Working for yourself takes discipline. I was actually super worried about being able to stay on task. The first few weeks, I found myself saying yes to everyone who wanted to go to lunch and hanging out with my sister (who is a stay-at-home mom) and my nephew a lot. I was still working, but I allowed myself a TON of flexibility.
Now, I've got a much better schedule and I'm pretty good at knowing when I have time to go and do something else and when I need to focus and stay on task. I'm actually surprised at how well that part of things is going. Just the other day my sister-in-law asked me if I stay in my pajamas all day sometimes. Nope. I don't. In fact, I get up, get ready, take my daughter to school, and then get to work. I can't think of one time where I stayed in my pajamas. It's very helpful to me to get up and going. It helps this feel "real", I guess.
Speaking of discipline...
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I've also realized that even though my daughter is quite independent and plays well on her own, it is so much easier to get my work done now that she is back in school. Having a schedule is very important. Having a to-do list also helps me focus and make sure my work is intentional.
Give yourself deadlines. I knew as soon as I quit my job that I wanted to focus on education. I have loved using my YouTube channel to teach other people the design principles it took me years to figure out. I have a schedule for my YouTube channel and usually post three times a week.
I knew that in addition to those YouTube videos I wanted to create an online, self-paced class. So I started working on it. And I would work on it every once in a while. And it was taking forever. I knew that I needed to set a launch date to motivate myself. So I did. And I announced it publicly to hold myself accountable. Guess what? The class got done. I needed that end date.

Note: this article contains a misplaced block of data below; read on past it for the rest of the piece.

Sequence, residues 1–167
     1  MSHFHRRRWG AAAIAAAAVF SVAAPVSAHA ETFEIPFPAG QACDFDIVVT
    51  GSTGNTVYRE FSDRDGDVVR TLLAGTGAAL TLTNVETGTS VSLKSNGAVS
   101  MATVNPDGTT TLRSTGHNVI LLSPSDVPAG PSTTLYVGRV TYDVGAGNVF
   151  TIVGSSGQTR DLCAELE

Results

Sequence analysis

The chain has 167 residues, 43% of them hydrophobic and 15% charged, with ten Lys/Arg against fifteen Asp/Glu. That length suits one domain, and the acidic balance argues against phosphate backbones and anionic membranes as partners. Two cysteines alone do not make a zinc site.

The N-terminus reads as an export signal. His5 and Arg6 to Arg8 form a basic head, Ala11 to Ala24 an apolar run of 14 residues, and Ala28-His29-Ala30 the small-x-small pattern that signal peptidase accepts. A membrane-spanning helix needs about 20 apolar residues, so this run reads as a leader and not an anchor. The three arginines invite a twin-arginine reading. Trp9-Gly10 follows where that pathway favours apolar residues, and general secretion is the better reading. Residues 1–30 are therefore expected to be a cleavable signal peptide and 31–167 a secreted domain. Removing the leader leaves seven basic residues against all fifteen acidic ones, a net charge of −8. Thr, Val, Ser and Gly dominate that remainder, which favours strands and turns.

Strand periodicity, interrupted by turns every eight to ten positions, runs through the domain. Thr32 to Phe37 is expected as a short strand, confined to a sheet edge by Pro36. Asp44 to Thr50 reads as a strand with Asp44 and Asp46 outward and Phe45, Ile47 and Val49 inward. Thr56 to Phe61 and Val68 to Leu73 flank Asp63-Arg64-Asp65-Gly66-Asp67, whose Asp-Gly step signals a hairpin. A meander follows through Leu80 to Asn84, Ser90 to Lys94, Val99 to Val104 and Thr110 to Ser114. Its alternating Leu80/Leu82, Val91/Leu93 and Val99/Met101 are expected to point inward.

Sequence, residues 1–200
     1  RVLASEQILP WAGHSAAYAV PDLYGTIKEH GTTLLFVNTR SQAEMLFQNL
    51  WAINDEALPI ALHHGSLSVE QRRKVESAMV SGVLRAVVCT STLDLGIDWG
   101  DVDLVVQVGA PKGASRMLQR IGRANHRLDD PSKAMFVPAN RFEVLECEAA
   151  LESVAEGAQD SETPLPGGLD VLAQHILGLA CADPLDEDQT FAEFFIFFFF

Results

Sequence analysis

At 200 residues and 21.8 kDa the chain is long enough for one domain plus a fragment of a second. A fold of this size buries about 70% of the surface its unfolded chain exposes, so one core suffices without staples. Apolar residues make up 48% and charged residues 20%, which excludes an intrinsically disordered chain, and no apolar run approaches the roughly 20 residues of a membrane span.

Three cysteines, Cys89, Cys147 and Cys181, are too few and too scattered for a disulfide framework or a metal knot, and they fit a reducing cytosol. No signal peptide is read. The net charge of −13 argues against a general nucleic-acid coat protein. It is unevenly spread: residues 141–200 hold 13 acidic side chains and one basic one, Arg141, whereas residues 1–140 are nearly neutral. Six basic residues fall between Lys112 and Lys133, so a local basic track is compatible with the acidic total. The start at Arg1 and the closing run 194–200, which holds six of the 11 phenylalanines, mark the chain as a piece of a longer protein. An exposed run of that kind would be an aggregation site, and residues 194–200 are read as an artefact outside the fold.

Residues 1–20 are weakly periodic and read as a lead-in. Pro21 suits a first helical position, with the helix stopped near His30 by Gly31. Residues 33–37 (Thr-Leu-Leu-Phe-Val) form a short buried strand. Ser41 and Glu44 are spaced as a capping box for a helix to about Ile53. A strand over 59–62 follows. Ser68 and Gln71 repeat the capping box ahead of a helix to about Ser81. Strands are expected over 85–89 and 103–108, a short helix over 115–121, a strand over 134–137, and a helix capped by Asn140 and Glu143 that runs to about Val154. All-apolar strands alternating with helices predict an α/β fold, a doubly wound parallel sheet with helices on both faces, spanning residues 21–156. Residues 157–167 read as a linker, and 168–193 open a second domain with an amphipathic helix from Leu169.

Remember why people subscribe to/like/follow you in the first place. Before I quit my job, I had amassed a bit of a following on YouTube. I showed up consistently and provided meaningful and instructive content. As I've begun working on other projects that actually pay me, it's been easy to want to let the YouTube channel slide a little bit. I'm not getting paid for it, so should I really be spending my time there? The answer is a big YES.
The people who are purchasing my products know about me because of my YouTube channel. I've put out quality content there for almost a year now and they know that. If I stop doing that, what's to stop them from unsubscribing? What's pushing them to support me in any way? Absolutely nothing. My YouTube channel is still a priority.
I'm not going to make a ton of money right away. This is a big one. And something that is really hard to keep in perspective. I have been listening to lots of podcasts about small business. I am pretty much obsessed with the seanwes podcast. If you have a small business (especially a creative type) you should be listening to this podcast.
One of the things Sean talks about regularly is the fact that you have to show up for two years before you can expect anything to happen. TWO YEARS. Anything that happens before that is just a bonus. Guess what? I've only been posting to my YouTube channel since last October. Not quite a year yet.
It's really easy to get down on myself thinking about how I want this business to take off quickly, but I have to remind myself that I'm doing great considering the amount of time I've put in. I just have to keep showing up. It will come.
Surround yourself with like-minded people. Quitting your job can make those around you, particular those close to you, wonder what the heck you're thinking. It's kind of a crazy thing to leave a cushy job that you don't hate to wander into the unknown. But you'll never know what you're capable of if you don't try it. Maybe start with something on the side, in addition to your regular job. If you love it, go for it!
Then find the people who will foster that desire. There are a few people that I know I can talk to about all of my business triumphs and struggles because they are going through similar things. Specifically, my friend Tracie. We talk to each other each week to flesh out ideas and keep each other focused. The best part is the encouragement and support. Find your people. Talk to them often. Keep each other motivated.
You got this. The most important thing that I've learned so far is that if I really want something, if I really push myself, if I really focus, I can do it. And so can you. If you have a passion for something and if you have motivation behind that passion, you'll be successful. You have to put in the work, but you got this.